While I greatly admire Tavi Gevinson's writing, and am most honored to be included with her on Jessica Furseth's latest list of "excellent wordsmith bloggers", there's something that never quite sat right with me about the Tavi phenomenon. Gevinson, child (now, at 15, not-so-child) fashion blogger extraordinaire, was meant to represent an alternative to the mainstream. A self-identified feminist, she was meant to be all about self-expression-through-dress, minus the dreaded beauty standards that usually come with it. So promising! As someone who's pro-self-expression-through-dress, and anti-dividing-time-between-skin-cream-shopping-and-calorie-counts-on-yogurt-containers, I was very much on board.
But given that the current beauty ideal in fashion is 'Nordic preadolescent', however many silly hats and oversized '90s-nostalgia sweaters naturally-blond-and-tiny Tavi piled on, I was always stuck thinking that there was only so much she, however well-meaning, could do with the personal-style format. Photos of someone not only thin, young, and white, but for whom wrinkles, frizz, acne, and hips are not an issue, have a certain edge when it comes to looking like conventional high-fashion photography. As in, what, on Tavi, looks Fashion would, on most anyone else, look ridiculous.
Of course, it's not Gevinson's fault that she looks like... whatever the precise opposite would be of the title character of "Precious" as styled for that movie. And as Fashion Week photos of the blogger with actual fashion models attest, Gevinson's significantly shorter than they are - in keeping with the child-prodigy thing, but something that would certainly limit her participation in the fashion world to that class of interesting-to-look-at-but-could-never-actually-model-clothes. And, if her appearance happens to coincide with runway trends, these tend not to much overlap with middle- or high-school ideals, so her self-deprecation about her looks reads as sincere.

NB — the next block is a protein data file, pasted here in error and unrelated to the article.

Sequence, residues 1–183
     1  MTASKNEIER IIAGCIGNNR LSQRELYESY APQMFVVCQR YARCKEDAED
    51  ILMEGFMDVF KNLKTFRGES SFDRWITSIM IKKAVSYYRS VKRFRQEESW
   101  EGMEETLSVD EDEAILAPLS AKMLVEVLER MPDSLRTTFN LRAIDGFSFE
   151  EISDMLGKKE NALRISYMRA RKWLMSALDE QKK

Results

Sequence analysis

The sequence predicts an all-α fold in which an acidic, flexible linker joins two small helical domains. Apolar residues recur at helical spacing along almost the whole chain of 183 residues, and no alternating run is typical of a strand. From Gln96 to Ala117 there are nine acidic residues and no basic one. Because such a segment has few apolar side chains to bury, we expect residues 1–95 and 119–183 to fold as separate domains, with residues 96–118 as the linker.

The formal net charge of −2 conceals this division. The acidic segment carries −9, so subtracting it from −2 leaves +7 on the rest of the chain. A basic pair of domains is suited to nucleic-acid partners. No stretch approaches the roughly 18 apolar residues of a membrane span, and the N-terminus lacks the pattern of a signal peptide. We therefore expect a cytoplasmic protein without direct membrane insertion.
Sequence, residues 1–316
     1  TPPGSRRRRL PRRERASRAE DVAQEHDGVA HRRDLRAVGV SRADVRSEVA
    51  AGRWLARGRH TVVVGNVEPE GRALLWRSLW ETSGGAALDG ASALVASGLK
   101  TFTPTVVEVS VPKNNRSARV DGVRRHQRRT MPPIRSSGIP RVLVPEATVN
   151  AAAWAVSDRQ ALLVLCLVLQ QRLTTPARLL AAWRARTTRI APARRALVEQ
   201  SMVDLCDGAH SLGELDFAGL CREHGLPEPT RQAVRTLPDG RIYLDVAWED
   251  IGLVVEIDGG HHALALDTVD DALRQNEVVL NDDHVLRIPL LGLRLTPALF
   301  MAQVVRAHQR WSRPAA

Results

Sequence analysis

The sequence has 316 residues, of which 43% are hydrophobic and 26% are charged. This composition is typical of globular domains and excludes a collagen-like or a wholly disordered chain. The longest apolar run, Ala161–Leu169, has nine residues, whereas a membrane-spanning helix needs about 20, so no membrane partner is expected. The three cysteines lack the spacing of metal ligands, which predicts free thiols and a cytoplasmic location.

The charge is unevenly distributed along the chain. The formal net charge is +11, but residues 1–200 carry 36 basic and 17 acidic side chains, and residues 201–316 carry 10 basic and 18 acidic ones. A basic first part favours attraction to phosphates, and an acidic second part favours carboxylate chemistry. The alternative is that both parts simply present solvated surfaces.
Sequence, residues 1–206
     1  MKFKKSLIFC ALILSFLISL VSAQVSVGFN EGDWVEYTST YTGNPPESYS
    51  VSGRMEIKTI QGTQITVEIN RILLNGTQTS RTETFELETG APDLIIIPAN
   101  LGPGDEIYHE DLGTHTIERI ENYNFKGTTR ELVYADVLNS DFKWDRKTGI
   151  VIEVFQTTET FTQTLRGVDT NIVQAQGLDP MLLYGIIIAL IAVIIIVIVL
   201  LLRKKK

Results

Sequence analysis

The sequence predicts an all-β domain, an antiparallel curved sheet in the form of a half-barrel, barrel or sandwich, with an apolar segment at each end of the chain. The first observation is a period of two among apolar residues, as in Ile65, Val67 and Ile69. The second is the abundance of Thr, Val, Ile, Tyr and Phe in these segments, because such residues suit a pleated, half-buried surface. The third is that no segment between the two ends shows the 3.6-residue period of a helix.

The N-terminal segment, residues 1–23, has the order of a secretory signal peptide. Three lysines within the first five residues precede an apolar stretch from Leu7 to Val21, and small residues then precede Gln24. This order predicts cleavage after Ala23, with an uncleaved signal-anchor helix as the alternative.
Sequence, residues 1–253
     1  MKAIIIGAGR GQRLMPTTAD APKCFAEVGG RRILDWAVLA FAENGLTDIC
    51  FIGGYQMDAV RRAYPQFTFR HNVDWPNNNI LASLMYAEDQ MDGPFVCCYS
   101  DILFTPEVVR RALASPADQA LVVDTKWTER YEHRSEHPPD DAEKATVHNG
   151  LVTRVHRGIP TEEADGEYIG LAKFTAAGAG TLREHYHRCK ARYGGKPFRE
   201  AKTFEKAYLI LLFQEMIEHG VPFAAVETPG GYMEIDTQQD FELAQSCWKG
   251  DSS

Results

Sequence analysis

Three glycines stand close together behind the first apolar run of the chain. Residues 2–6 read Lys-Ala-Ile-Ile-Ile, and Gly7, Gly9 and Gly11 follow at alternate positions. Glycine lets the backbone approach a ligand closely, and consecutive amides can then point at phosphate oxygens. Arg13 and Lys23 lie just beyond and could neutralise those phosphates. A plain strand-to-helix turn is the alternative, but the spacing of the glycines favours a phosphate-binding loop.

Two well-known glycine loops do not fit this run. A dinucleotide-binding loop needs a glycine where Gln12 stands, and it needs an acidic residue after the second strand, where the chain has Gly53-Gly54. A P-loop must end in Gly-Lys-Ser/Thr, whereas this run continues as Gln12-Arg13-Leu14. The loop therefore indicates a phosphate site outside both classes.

Gevinson herself appears to understand the issues this poses, as evidenced by the post Furseth just linked to, one that's worth reading in full. That this is a new understanding for Gevinson is forgivable, consider that she's, well, 15:
I took this picture a couple months ago, going for some Heathers/Twin Peaks vibes, but started thinking too much about how I look in it and avoided posting it for a while. I wasn't insecure, quite the opposite -- I didn't want to post this photo because I look good in it. And, as someone whose "thing" for so long has been "Challenge beauty standards! Screw convention! Look like a grandmother on ecstasy at Fashion Week!", that somehow felt hypocritical.As an outside, i.e. non-Tavi, observer, it's tough for me to see a difference in the photo she's referring to and the many that preceded it in the history of her blog/of other Tavi-coverage. She has always looked Fashion, and if she's now OK with conventional attractiveness (some makeup, no glasses, things I wouldn't have noticed if she hadn't pointed them out), she hasn't exactly transformed herself into a Kardashian. But what matters is that she gets a) that there's a relationship, inevitably, between her looks and her message, and b) that acknowledging and trying to understand it is effective. Important to note is what she's not doing - she's not beating herself up, nor is she just kind of saying, yes, I have certain types of privilege, and leaving it at that.